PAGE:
Well it looks like Abrahams & SAF have put together a book that finally does justice to this legendary band. This ain't no fanzine or flimsy cutnpaste job. This is a well-researched and thorough history of the psychedelic warlords from Notting Hill, containing much material from what must be exclusive new interviews (well I've never seen the quotes before) mixed in with choice contemporary quotes and reviews. The book itself is a thumping great hardback tome printed on top quality paper. Incredibly, most of the photos are previously unseen, or at least I only recognised a few of them and I've been into Hawkwind for 20yrs. Some are from Dave Brock's own collection! The writing covers a lot of ground, starting with Dave Brock playing banjo in jazz bands in the 50s and finishing with the recording of the new album due out this autumn. Each chapter takes care of a major phase in the saga, often rounded off with great one-liners to put the whole thing in perspective. Many of the 50 or so people who've played in Hawkwind since they started in 1969 get a chance to say their piece, and the articulate and often iconoclastic commentary from people like Adrian Shaw, Harvey Bainbridge, Richard Chadwick etc makes fascinating and sometimes controversial reading. The analysis of the various other contributors, influences, connections and spin-offs makes reading the book an almost psychedelic experience in itself, you soon realise just what a huge (and often uncredited) influence on contemporary rock music Hawkwind have always been. Rock legends like Bolan and Clapton crop up in the story, and everyone from Jello Biafra to Jarvis Cocker seems to be a big Hawkwind fan! Hawkwind seem to have played a part in every major music scene of the last 40 years, so Abrahams ties Hawkwind into the psychedelic underground of the 60s, the early 70s free festival scene, krautrock, punk, the Spinal Tap-esque horrors of the New Wave of British Heavy Metal and the dance music scene. My favourite thing is the way the book doesn't just dwell on the so-called Golden Age of Hawkwind (71 - 77), but gives the later versions of the band just as much credit, from the Langton-Bainbridge era, the Earth Ritual and Black Sword concepts through the "Dave Brock Trio" to the controversial contributions of alien obsessive Ron Tree and on to the Hawkestra re-union, the Hawkfests and the recent recruiting of Arthur Brown (it only took Brock 30 years to get him on board!). On a darker note, there's some good insight into the antagonistic relationship with certain ex-band members, throwing the recent XHawkwind debacle into it's proper perspective, it all makes a lot more sense now. Abrahams also seems to have found new angles on most of the old Hawkwind myths or just plain debunks them all eg did Hawkwind really fail to appear on Top of the Tops because they didn't want to mime to Silver Machine, did Brock really sell his guitar in disgust when he split the band up on a US tour in 1978, and what was the real deal with Dave Anderson's sports car - it's all in here. I thought I knew everything about Hawkwind til I read all this stuff! There's a long Appendix delving into the origins and inspirations of all the main Hawkwind album tracks. Although some of them are obvious (loads of Calvert's stuff was inspired by Ballard, Zelazny etc) many are quite surprising, especially Death of War. I've always wondered what the 28948 was in Spiral Galaxy, when I read the explanation I thought "duh!". There's also a list of Hawkwind-related websites, and a good index. And the book is longer than I expected, page count is 288. Downers? Well the cover's a bit naff, bit too prog rock for me (all that's missing is a unicorn). And the author's a bit harsh on Warrior On The Edge of Time - it's a classic pal, give it another try! But these are small gripes. Overall this is a must for every Hawkfan, and would justify it's place in the music biog collection of any self-respecting follower of innovative rock n roll. Get one before the Gremlin makes em all Disappear in Smoke.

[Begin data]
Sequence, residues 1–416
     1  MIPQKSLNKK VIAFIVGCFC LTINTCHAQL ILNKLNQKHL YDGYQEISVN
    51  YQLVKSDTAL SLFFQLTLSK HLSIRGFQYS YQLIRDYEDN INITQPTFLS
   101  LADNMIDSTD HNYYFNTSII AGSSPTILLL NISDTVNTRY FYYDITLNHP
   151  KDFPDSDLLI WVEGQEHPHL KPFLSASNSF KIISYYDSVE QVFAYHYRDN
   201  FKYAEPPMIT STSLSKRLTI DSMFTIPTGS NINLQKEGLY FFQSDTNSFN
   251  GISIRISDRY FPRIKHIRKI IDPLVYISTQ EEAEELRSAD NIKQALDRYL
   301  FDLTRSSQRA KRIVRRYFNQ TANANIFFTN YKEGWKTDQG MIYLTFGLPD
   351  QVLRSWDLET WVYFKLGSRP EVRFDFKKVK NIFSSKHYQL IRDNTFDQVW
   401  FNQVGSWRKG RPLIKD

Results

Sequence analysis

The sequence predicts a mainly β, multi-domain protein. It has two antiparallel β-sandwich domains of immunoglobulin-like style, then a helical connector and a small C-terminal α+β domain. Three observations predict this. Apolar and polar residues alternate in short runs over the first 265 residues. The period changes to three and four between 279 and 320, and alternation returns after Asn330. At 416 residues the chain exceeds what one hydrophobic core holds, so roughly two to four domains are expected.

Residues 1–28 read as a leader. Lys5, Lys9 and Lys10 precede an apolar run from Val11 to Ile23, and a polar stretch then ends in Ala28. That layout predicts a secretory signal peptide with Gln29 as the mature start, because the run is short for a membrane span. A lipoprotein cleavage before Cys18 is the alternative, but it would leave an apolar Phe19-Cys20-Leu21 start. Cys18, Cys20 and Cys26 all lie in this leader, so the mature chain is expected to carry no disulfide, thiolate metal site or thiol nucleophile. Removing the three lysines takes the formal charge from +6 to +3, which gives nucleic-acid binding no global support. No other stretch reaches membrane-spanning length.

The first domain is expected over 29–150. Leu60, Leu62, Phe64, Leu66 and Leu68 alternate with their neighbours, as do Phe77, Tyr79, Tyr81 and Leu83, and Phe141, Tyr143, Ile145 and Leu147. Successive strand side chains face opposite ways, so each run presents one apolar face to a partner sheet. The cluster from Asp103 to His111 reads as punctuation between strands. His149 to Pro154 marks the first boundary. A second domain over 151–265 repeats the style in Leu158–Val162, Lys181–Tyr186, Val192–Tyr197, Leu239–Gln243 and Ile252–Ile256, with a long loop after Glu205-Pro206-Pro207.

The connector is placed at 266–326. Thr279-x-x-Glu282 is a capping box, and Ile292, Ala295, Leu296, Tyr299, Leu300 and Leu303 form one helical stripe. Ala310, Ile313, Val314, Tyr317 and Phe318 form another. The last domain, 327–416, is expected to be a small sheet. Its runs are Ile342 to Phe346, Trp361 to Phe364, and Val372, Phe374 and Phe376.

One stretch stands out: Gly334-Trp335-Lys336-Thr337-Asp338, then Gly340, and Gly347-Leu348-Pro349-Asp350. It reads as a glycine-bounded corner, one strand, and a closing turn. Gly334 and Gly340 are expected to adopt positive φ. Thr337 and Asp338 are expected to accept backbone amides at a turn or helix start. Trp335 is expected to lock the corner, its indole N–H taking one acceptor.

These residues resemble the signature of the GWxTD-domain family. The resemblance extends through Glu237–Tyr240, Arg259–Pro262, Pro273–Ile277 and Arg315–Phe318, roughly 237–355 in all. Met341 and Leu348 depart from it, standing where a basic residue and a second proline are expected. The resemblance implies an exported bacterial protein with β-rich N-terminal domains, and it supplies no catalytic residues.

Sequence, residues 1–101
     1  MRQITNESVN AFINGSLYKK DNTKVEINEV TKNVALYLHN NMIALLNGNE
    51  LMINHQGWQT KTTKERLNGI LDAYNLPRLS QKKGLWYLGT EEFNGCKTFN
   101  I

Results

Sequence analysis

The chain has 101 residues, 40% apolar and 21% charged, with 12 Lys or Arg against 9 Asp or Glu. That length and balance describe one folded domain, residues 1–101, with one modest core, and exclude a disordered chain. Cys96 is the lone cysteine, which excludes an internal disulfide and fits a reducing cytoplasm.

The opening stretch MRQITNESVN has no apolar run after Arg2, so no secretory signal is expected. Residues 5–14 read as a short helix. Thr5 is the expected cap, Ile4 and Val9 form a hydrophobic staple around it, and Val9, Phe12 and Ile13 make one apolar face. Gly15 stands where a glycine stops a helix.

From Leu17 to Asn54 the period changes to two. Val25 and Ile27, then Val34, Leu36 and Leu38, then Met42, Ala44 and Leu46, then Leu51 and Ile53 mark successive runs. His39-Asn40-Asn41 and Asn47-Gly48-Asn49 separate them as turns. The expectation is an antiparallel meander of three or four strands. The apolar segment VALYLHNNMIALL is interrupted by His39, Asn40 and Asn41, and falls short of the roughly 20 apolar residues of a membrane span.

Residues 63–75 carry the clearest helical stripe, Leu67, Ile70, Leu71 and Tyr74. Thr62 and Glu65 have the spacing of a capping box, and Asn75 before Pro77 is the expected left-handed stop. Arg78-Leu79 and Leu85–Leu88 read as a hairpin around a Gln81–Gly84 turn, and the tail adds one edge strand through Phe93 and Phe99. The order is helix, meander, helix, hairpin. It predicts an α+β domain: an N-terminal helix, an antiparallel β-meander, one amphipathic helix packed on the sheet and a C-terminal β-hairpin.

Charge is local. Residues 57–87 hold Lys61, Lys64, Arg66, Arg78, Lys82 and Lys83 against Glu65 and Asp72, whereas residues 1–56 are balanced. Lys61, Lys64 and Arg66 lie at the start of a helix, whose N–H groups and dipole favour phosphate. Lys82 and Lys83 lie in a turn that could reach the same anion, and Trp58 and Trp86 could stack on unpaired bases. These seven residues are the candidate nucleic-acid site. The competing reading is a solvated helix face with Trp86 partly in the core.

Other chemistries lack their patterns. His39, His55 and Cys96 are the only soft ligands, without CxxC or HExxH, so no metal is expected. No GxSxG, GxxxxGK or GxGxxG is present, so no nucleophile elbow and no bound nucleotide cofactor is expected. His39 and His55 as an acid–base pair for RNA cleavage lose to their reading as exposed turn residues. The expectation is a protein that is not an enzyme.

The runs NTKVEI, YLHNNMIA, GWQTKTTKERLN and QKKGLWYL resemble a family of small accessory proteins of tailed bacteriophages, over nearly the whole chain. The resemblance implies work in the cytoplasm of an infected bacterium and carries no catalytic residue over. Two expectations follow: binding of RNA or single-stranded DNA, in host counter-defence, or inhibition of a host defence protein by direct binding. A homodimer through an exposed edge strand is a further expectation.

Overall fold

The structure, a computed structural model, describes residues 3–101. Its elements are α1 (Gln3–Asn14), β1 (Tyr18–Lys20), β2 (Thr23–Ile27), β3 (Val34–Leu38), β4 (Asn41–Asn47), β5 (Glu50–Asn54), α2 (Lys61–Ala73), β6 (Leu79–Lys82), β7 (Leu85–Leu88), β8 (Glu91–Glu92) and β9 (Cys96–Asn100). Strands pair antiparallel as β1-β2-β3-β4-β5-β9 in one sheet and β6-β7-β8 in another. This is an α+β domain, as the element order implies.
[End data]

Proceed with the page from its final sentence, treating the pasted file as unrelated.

If you're expecting a salacious, muck-raking expose of sex and drugs and rock and roll on Hawkwind's 30 year legacy of ... well, sex and drugs and rock and roll then you're going to be sadly disappointed with this book. If, on the other hand, you're looking for a superbly-written rock biography on an interesting band who've been working away on the fringes of the mainstream of British popular music since the dawn of the 70s, then you're in for beautiful and often surpising ride. Sonic Assassins tells the story of Hawkwind through the stories and memories of those who were there - not just the expected voice of Dave Brock, Nick Turner, the late Bob Calvert and Lemmy, but also less widely known, but in may ways more interesting, voices like keyboard player Steve Swindles, singer Ron Tree and drummer Richard Chadwick who all add their perceptive and fascinating observations to the mix. Ian Abrahams's book is lovingly compiled and gorgeous to look at with dozens of previously unpublished photos. This is an absolutel gem of a book to read and is hugely recommended to all fans not only of Hawkwind and it's associated side-projects, but also of hard rock, the British underground scene of the late 60s and early 70s, trance and ambient techno and genuine British musical eccentrics. Only one question remains unanswered - I was disappointed not to read anything about the background to Hawkwind's alleged contribution of music to a Doctor Who episode in the late 1980s. It was probably just a dodgy rumour but it would have been nice if the author had found any confirmation on whether it actually happened or not. Still that's a very minor quibble over a genuinely major work.